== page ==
Adobe Aims Acrobat at Autodesk
reprinted by permission of Ralph Grabowski, editor
November 16, 2004, 2004
With the relaunch of its DWF format a coupla' years back,
Autodesk went into a rage over Adobe's PDF format. The company
later toned down its attack ads, and now even admits PDF
(portable document format) is useful for text. While that was
going on, Adobe made PDF v6 more friendly towards drawings.
It comes as little surprise, then, that the latest release (#7)
of Acrobat takes more of Autodesk's criticisms, and incorporates
them as features into PDF. Last week, Randt Swineford and
Patrick Aragon called to walk us through a demo of Acrobat 7.
Both are senior product marketing managers for AEC at Adobe.
Integrated Animated 3D
As we watched the demo, we thought the most impressive
feature is that PDF files now can contain interactive 3D images.
They can rotate and zoom, have their lighting changed, switch
between named views, show animations, and create links between
words and the images. (Click a boldface word, and the 3D image
executes an animation, such as air flowing through a turbine.)
to show how parts are assembled and taken apart.
The catch is that the 3D image must be in U3D format, as
championed by the 3DIF consortium headed up by Intel. How, we
asked Messrs Swineford and Aragon, d'you get 3D CAD models into
U3D? So far, it turns out, only Bentley Systems is actively
writing a DGN->U3D translator. Other members of the 3DIF group,
such as PTC and UGS, might; no promises. We could see
third-party developers, such as Tailor Made Software, also
writing U3D translators for AutoCAD and Inventor.
Embedded Markups in DWG
Redlining is beefed up in Acrobat Professional with a new
call-out tool and a palette of commonly-used symbols. An
'Acrobat Markup' item gets added to the menu bar of AutoCAD
(2002 through 2005). Mimicking AutoCAD 2005's Markup Set
Manager, markups in Acrobat can now be embedded in drawings.
(Technically, they are placed as 'acrobatcommentpopup' objects
and stored on their own layer.)
We thought of a problem: what happens, we asked, when we send
marked up drawings to users who don't have Acrobat 7? The
markups turn into proxy objects: viewable, but not editable.
And later we thought of another puzzler: Bentley is a loud and
public supporter of PDF, but they're having to write the PDF/U3D
code themselves. Autodesk is an even louder anti-supporter of
PDF, but Adobe is writing the code for AutoCAD. Now there's a
Other New Features
- Launch time is 4x faster, and PDF creation is about
- Integration added to Outlook [boo!], which converts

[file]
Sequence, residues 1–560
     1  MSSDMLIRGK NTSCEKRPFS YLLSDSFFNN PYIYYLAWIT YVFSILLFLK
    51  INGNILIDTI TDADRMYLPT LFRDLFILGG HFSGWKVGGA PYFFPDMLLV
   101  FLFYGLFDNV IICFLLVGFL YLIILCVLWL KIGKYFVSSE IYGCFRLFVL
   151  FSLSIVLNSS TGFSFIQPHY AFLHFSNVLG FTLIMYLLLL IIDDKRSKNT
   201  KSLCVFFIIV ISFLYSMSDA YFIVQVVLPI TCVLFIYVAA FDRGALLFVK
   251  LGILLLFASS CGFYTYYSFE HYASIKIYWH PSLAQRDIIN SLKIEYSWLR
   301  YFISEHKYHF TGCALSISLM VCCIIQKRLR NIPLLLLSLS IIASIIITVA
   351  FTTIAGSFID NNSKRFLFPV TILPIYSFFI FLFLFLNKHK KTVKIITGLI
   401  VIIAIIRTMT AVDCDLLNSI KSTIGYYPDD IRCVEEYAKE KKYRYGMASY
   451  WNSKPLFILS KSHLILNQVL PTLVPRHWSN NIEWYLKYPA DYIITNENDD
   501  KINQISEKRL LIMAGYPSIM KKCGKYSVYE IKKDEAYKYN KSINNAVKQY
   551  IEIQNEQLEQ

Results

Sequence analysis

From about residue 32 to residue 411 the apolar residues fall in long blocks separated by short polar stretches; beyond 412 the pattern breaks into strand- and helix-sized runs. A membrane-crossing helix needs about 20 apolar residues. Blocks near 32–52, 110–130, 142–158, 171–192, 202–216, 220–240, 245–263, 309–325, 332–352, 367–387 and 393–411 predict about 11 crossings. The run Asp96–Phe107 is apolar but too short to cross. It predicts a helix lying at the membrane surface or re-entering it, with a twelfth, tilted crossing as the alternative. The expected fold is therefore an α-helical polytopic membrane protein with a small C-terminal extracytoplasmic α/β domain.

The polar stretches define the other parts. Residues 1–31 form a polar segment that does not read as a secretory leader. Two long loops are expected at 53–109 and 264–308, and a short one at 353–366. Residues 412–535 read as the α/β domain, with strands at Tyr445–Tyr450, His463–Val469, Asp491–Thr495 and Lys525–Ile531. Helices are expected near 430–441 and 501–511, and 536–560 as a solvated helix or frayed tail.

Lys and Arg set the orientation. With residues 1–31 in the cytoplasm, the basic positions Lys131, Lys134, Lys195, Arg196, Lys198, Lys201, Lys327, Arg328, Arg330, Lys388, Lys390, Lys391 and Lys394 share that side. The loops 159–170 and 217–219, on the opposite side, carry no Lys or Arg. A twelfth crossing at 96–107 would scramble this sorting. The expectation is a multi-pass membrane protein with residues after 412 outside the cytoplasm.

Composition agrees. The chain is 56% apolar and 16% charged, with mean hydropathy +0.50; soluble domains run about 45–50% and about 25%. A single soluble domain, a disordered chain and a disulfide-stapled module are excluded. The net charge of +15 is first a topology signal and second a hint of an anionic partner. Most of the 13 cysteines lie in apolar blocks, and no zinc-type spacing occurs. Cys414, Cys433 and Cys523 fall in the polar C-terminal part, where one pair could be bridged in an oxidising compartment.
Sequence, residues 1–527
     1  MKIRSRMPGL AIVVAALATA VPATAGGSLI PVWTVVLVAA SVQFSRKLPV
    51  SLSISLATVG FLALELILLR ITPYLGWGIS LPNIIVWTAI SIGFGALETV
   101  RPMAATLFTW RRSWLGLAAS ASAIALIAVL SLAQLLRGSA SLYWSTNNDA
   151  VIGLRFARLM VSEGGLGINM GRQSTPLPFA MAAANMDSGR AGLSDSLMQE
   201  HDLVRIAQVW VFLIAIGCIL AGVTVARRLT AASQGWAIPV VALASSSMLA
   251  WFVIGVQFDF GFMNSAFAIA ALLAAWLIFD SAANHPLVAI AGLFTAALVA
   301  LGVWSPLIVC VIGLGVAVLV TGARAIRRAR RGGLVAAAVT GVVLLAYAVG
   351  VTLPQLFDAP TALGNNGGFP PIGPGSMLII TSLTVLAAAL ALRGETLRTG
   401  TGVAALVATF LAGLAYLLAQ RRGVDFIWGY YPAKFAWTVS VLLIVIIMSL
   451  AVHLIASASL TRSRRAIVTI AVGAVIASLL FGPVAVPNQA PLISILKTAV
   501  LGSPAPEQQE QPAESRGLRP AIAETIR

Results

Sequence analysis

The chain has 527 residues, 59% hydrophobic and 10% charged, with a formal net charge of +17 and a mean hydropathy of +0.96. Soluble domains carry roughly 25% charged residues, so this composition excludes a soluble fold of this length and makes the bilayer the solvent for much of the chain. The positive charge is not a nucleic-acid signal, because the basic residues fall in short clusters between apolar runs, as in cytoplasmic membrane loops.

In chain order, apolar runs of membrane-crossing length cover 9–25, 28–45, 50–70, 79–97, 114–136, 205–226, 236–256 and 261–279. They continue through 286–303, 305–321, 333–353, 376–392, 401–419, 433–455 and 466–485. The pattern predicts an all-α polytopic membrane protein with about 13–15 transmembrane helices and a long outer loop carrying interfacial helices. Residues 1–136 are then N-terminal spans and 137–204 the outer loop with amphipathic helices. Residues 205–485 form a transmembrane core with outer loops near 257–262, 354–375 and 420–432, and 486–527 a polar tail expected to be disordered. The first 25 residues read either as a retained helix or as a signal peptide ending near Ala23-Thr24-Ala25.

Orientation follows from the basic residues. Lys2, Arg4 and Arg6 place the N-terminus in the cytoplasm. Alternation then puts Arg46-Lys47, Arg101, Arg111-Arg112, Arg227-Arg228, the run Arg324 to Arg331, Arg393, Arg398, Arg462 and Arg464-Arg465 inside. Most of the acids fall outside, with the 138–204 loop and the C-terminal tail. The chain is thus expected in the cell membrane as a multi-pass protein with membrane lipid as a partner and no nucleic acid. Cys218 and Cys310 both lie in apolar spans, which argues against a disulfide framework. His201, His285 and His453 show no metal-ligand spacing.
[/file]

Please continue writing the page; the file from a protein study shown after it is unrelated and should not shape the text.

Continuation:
emails and their attachments to PDFs.
- Structured bookmarks show the outline of documents.
- Visio custom properties are preserved in PDFs as data.
- Object Data Tool can be used to preserve CAD data, and
to search for object data in PDFs.
- Organizer creates project-like collections of shortcuts
to PDF files.
- New methods for applying security policies.
- Forms Designer included.
But no support for DWF.
Acrobat is not cheap. The Pro version is US$449 ($159 upgrade),
while the Standard version is $299 ($99 upgrade). The Reader is
free, and will allow markups, if enabled by the Pro users. The
software is expected to be released on the last day of 2004.
Meanwhile, Back at Fleishman-Hillard
Tony Peach is director of DWF strategy at Autodesk, and he's
done an excellent job of framing the issue as "DWF vs. PDF," and
in that order. He's made many of us give little thought to the
many alternatives, like SVF (vector graphics standard approved
by the World Wide Web Consortium), eDrawings (for 3D MCAD from
GSS), CSF (content sealed format from Informative Graphics), JT
Open (from UGS), and so on. The message has been pounded home -
PDF: okay for text; DWF: better for drawings.
Mr Peach pushed to give DWF a heaping portion of mindshare,
though its market share has not yet gelled. Autodesk has spent a
lot on developing, marketing, and distributing free DWF
software. But when it comes to for-fee products, well, Autodesk
has further extended DWF Composer's half-price introductory
offer of US$99.
"The success of the DWF format is one thing," comments Martyn
Day, group editor of 'MCAD' and 'AEC' magazines. "What matters
is how the company expects to create a business model to make
money. Adobe's is pretty clear-cut.
"Up until now, Autodesk has judged the success of DWF by the
number of [free] downloads. Autodesk would have to sell a heck
of a lot of DWF Composer software to refund the development and
marketing effort. I think DWF is being used an increasing
amount, but it's nowhere near a critical mass. With Composer out
for a while now, perhaps they have a shorter view on return on
investment, although I doubt it."
With that background, CAD editors were puzzled to receive an
email from Mr Peach and Andrea Cousens of Autodesk's PR firm,
Fleishman-Hillard. The content wasn't news - it repeated
Autodesk's grievances against PDF - and so we wouldn't normally
The news was in the timing of the press release, however, and
also in the working of the headline. The timing: the Friday
afternoon before the Monday morning announcement of Acrobat 7.
And the headline: "PDF Falls Flat in a 3D World."
A pre-emptive move, perhaps?
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